Paris, France, 1848-Atuona, Islas Marquesas, 1903
Oil on canvas, 74 x 92 cm
Contributed by the Provincial Council of Bizkaia in 1920
Washerwomen in Arles was painted in that French town, where Gauguin settled late in 1888 summoned by Vincent van Gogh, who hoped to found a community of artists there. The work captures the painter’s concern in emphasising expressiveness over and above formalism, which entailed his final break with Impressionism. This principle, for which Gauguin coined the term Syntheticism, was characterised by non-mimetic representations of nature, the rejection of the third dimension taken from Japanese prints and the separation of colour in broad contrasted planes by means of dark lines. Exceptional features of the work are the abstract background, the impression of movement, the photographic framing that silhouettes certain elements, the flat shapes with dark contours and the areas of pure colour. The distortion and rigidity of the figures betray the influence of the rough stone statuary in Breton churches. In the last few decades of the nineteenth century Gauguin, who began to paint late in life, led the transformation of Impressionist principles into more subjective forms of expression. His artistic language was determined by his trips to Pont-Aven and Arles, not to mention the South Seas. The brightness of the colours and the light in Polynesia and the close ties between the indigenous society and nature caused a great impression on the painter; consequently, the exotic locations and primitive beliefs of Brittany and Tahiti, alongside the pictorial expressiveness of his friend Van Gogh became the references that helped materialise his ideas, which were also rendered in prints, ceramics and, in his last years on the island of Hiva-Oa, in sculpture. [J.N.G.]
Independently of its permanent collection, the Bilbao Fine Arts Museum regularly organises temporary exhibition programmes.
Please consult the exhibition calendar for more information about the museum's latest proposals.
Basque sculptor Néstor Basterretxea (Bermeo, Biscay, 1924) recently donated one of the most celebrated series of Basque sculptures dating from the second half of the XX century to the Museum: the Basque Cosmogony Series. The Series was first exhibited by the Museum in 1973.
The current exhibition comprises 18 sculptures, 17 of which are made of oak and 1 of bronze, which the artist created between 1972 and 1975. The finely crafted works executed in contemporary language are based on mythological characters, forces of nature and traditional objects from Basque culture taken from José Miguel de Barandiarán’s Diccionario de Mitología Vasca (Dictionary of Basque Mythology, 1972). Visitors will also have the opportunity of admiring 5 works from the Máscaras de la Madrina Luna Series created in 1977 as well as several preparatory drawings.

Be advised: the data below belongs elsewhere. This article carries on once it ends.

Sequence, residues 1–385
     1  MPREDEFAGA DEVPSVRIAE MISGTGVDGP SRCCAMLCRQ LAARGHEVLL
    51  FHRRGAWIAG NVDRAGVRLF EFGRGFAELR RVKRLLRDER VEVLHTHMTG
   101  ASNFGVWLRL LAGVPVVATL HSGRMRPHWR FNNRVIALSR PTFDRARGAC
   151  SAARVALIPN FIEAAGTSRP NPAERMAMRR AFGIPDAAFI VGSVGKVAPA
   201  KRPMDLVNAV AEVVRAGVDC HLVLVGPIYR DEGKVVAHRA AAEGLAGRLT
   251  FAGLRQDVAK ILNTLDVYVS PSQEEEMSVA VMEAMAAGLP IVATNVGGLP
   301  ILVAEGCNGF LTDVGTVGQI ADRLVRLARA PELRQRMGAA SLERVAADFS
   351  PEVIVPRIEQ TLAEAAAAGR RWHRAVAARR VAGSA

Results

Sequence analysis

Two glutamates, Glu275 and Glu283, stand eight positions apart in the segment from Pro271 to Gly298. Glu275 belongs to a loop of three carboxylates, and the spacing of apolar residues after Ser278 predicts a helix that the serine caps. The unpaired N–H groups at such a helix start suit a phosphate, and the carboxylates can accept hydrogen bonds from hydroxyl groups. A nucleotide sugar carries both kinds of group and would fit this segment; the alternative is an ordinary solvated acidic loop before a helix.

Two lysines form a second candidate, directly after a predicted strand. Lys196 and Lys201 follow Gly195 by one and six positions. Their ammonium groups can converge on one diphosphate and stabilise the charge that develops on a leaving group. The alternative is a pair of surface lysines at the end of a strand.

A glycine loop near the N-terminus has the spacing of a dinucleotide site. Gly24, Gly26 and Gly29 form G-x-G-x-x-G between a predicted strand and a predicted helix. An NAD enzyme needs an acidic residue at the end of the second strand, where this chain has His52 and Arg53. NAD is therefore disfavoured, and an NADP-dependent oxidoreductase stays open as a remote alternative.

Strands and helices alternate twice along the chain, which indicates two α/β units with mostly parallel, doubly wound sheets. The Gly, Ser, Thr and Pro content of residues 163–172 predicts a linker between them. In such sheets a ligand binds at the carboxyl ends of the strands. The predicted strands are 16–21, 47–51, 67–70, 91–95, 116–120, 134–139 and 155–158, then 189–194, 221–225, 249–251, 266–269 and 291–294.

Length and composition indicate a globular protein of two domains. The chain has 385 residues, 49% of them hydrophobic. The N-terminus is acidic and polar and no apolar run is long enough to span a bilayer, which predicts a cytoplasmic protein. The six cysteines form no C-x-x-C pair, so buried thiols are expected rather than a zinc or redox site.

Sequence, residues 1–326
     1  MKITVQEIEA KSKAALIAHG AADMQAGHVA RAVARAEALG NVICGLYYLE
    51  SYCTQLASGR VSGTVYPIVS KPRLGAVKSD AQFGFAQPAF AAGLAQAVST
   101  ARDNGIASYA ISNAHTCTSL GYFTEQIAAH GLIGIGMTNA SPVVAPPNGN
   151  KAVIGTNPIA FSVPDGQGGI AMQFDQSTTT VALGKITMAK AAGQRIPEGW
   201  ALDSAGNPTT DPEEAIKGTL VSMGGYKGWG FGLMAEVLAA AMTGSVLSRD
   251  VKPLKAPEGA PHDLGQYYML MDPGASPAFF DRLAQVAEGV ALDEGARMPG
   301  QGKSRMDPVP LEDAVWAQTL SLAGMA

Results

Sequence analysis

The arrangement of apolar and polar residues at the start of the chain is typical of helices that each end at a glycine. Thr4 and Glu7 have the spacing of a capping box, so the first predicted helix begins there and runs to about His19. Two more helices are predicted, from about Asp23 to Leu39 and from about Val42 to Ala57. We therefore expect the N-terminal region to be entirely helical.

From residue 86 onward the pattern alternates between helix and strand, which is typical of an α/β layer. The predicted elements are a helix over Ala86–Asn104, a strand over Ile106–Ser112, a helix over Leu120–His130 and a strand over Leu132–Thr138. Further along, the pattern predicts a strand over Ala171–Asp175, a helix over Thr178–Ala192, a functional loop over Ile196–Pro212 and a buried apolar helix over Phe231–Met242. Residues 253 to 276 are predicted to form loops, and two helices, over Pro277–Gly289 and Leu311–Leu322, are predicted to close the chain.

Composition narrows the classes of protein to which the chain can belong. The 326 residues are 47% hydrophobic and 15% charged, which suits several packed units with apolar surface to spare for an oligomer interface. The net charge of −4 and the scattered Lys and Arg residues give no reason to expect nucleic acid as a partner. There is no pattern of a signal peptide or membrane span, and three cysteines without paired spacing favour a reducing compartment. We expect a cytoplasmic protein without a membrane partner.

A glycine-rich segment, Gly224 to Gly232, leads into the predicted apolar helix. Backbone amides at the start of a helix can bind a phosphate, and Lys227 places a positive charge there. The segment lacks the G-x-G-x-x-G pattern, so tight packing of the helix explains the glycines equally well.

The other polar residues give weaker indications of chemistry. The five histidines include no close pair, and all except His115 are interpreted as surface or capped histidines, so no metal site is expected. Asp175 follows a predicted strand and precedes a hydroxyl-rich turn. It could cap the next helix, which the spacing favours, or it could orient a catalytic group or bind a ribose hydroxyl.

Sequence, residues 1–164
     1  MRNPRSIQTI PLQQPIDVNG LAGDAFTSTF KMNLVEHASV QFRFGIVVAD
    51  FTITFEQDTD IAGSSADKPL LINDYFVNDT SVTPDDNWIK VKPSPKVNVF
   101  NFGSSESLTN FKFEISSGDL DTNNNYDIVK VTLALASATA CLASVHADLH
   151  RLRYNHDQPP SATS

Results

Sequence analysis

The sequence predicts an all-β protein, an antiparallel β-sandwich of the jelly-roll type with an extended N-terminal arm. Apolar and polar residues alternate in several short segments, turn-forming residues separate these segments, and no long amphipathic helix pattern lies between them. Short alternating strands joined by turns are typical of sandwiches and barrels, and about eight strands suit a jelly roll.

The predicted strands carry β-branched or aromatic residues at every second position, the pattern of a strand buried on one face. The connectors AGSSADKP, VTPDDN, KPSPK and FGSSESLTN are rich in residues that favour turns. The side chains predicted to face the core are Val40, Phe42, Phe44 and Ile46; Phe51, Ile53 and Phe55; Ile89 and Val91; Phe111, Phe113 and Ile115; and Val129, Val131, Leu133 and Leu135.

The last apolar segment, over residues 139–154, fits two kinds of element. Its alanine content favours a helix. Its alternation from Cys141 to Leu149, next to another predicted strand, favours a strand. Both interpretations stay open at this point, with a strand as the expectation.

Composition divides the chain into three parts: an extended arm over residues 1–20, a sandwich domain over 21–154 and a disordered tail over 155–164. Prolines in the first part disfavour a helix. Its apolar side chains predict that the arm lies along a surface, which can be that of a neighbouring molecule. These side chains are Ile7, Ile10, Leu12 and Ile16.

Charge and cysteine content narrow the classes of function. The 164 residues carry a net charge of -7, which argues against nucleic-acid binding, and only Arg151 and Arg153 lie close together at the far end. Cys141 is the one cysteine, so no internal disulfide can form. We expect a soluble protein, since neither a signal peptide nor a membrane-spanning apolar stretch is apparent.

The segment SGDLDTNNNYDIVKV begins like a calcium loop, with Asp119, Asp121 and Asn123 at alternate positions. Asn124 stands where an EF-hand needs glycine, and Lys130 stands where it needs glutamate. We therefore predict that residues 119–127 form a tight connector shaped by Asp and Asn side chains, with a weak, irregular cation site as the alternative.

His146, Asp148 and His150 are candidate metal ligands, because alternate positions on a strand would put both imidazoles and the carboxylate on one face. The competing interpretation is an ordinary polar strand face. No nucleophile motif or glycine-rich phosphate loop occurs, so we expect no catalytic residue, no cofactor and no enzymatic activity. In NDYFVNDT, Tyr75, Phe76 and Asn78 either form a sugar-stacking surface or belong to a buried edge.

It is also on exhibition two movies directed by Néstor Basterretxea and Fernando Larruquert, entitled Pelotari (1964) and Ama Lur (1968), and a documental about the artist.
BASQUE COSMOGONY SERIES
1. AKELARRE and AKER BELTZ (Black billy goat)
Meadow where wizards met on Monday, Wednesday and Friday nights to worship Aker Beltz, a spirit which took the shape of a billy goat and protected the livestock. Pagan tradition.
3. EIZTARIA (The hunter)
Legend has it that a hunter, punished for his excessive love of hunting, wanders ceaselessly over the mountains with his dogs.
4. GAUEKO (He who stalks the night)
Spirit of the night in the shape of a cow or a monster; his presence is marked by gusts of wind.
5. IDITTU (Night spirit)
Night spirit with the form of an animal; his presence is marked by a flame.
6. ILLARGI AMANDRE (Godmother Moon)
A divinity associated with fertility.
7. INTXIXU (Wild demon)
Legendary spirit haunting caves and deserted areas.
8. AMALAU ZANKO (The ghost of the fourteen stilts)
A strange malignant being.
9. ARGIZAIOLA eta ARGIZAIOLA ZUTA (Light of the dead)
Tablets in remembrance of the departed; the wax scroll symbolizes the fire in the hearth that lives on in the temple.
11. BOST HAIZEAK (The five winds)
Natural phenomenon. The lauburu (four heads) is a pre-Christian symbol, used from the 16th and 17th centuries in funeral steles, on houses fronts or as an amulet or charm.
12. EATE (The harvest destroyer)
Spirit of storms, fire, floods, lightning and hurricanes.
13. MAIRUAK (The cromlech builders)
Pagan builders of dolmens and cromlechs.
14. OSTADAR (Rainbow)
Natural phenomenon considered to be magical in the ancient world.
15. TRIKU HARRI (Stone of the hedgehog. Homage to the dolmen)
Name of a dolmen, a prehistoric monument widely found in the Basque Country.
16. MAJUE (Subterranean spirit)
Pernicious underground spirit; with his wife Mari he conjures up hailstorms.
17. MARI (Main goddess of Basque Mythology)
Female spirit living in caverns. Legend has it that her cave is one of the faces of Mount Amboto, in the Duranguesado area.
18. TORTO (Malign one-eyed spirit)
Malignant, man-eating spirit with one eye.
10|28|14 • 02|09|15
12|10|14 • 04|20|15
THE GUEST WORK
01|13|15 • 04|13|15
02|10|15 • 05|18|15
03|10|15 • 08|31|15
10|07|14 • 01|19|15
09|23|14 • 01|12|15
THE GUEST WORK
10|15|14 • 01|12|15